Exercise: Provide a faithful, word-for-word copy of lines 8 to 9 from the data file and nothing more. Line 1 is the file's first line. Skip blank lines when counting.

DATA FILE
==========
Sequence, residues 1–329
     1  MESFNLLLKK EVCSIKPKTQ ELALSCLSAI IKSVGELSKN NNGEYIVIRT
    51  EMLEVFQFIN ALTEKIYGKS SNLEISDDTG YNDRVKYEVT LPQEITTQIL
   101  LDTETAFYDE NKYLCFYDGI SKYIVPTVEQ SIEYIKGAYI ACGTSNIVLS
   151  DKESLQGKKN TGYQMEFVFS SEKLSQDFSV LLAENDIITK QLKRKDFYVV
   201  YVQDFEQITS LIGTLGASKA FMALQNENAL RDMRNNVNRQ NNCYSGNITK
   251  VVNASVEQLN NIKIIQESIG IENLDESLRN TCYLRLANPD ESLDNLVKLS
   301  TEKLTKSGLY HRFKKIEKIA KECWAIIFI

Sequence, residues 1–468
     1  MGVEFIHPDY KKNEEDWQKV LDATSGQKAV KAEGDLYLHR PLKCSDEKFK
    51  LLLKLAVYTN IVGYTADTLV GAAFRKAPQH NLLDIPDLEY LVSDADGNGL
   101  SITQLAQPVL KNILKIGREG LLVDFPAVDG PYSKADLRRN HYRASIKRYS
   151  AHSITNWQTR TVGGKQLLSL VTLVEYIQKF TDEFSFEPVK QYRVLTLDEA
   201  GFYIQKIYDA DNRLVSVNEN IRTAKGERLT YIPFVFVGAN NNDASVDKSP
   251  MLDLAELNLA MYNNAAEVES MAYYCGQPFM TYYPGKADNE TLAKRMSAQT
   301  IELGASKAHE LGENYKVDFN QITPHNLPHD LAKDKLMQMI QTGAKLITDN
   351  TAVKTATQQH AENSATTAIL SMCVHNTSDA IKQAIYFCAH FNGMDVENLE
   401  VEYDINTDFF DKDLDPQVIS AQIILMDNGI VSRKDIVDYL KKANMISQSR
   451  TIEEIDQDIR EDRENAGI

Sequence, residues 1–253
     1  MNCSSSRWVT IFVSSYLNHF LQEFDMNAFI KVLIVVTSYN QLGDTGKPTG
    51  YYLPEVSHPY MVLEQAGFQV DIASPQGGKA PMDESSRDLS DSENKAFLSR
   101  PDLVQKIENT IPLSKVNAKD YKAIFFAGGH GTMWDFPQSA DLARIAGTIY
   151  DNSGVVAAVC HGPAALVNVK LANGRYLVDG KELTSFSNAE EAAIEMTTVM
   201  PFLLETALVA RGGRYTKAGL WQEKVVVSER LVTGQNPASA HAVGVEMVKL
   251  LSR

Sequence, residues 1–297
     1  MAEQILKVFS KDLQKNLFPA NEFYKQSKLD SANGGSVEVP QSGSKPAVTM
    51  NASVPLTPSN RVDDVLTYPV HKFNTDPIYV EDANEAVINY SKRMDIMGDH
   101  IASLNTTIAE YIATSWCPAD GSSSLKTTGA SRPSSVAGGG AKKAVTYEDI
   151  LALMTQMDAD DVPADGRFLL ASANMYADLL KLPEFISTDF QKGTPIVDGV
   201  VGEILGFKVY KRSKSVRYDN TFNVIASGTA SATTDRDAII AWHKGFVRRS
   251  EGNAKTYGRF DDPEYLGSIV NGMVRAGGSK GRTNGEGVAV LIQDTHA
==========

   301  TEKLTKSGLY HRFKKIEKIA KECWAIIFI

Sequence, residues 1–468